Saturday, November 22
Malice in Neverland
Iain S Bruce, Sunday Herald, November 23, 2003

There’s talk of conspiracy and racial motivation, but one thing is clear: the end has finally arrived for Michael Jackson.

Santa Barbara County’s Sheriff got his man in the end, leading a manacled King of Pop into ignominy. A moment captured in a startled mug-shot that sent shockwaves around the world, it marked the conclusion of an investigation begun more than a decade ago, but that ultimately only raises more questions than we can ever expect to be answered.

Pursued, paraded and publicly charged with multiple counts of child molestation, Michael Jackson posted his $3 million bail on Thursday and walked out into an international storm. It created a virtual news blockade that pushed even tragedy in Istanbul from the USA’s front pages, but the multi-million-selling star’s arrest is just the beginning of a high-stakes game of billion-dollar deals, conflicting interests with a cast of protagonists ranging from the shadowy to the bizarre.

You could be forgiven for thinking we’ve slipped into a parallel universe – but this is the 21st century, so it must be real. Yet already, one thing is certain: the assured destruction of the wildly eccentric man-boy at its centre.

“Never mind his career; Michael Jackson’s life is effectively over. It’s America’s biggest celebrity scandal since OJ Simpson’s murder trial and the reaction has been so absolutely devastating that guilty or not, he has no hope of a future. There’s no possibility of his leading anything even approaching a normal existence again,” said MSNBC’s New York columnist Jeannette Walls.

“A train wreck that began 10 years ago is finally ending in a global wave of revulsion and anger that will finish him. He’s become a freak show.”

Holed up with a gaggle of family members on a luxury resort near Las Vegas, even a man famously inured to the rigours of reality can hardly have escaped the conclusion that his fate has been sealed. Although details of the charges facing Jackson are scarce, he has been accused of committing “lewd or lascivious acts” with a child under 14 in a case that is reportedly extremely similar to the failed criminal action taken against him by Santa Barbara’s District Attorney in 1993. Then, a 13-year-old California boy provided graphic testimony detailing encounters at the star’s Neverland ranch and various hotels in which he alleged the singer repeatedly initiated sexual contact between them.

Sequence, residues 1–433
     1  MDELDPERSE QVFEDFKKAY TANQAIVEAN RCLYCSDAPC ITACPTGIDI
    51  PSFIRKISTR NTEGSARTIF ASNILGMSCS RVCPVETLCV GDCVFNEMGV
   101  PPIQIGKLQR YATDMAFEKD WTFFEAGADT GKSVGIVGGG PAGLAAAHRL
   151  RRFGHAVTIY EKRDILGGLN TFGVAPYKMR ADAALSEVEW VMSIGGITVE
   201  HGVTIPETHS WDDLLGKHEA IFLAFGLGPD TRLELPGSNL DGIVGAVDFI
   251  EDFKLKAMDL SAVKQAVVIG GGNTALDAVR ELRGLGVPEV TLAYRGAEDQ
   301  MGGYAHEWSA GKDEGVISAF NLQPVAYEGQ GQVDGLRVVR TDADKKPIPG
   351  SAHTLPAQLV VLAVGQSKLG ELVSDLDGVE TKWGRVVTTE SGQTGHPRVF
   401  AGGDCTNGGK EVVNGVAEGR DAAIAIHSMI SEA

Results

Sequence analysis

The 1993 investigation’s collapse amid rumours of bought-off witnesses meant that nothing has yet been proved against Jackson, but this second set of accusations will leave few willing to give him the benefit of the doubt. As he enters a January courtroom for the commencement of preliminary hearings, the singer faces the destruction of his fortune and up to 10 years in prison .

The trial will reap rich rewards for some, however. Already celebrated for representing Winona Ryder in her high-profile shoplifting case, Jackson’s chief legal defender Mark Geragos has stepped onto an international stage. Like OJ Simpson trial attorney Johnny Cochran – whose successful defence of the star led to global recognition and enabled him to build a nationwide chain of personal injury specialists – Geragos now stands on the brink of massive success. [...more]

Invigorated by a $450 hourly rate, nearly all lawyers of this calibre juggle multiple cases and Gergaros insists his 10 qualified staff and a barrage of assistants have the capacity to simultaneously manage Jackson’s defence, a double-murder trial and multitudinous ancillary briefs. Last Tuesday he requested that prosecutors release $15,000 and Peterson’s pickup truck to fund his reputed $100,000 bill and, with a windfall looming, he is in no mood to surrender anything.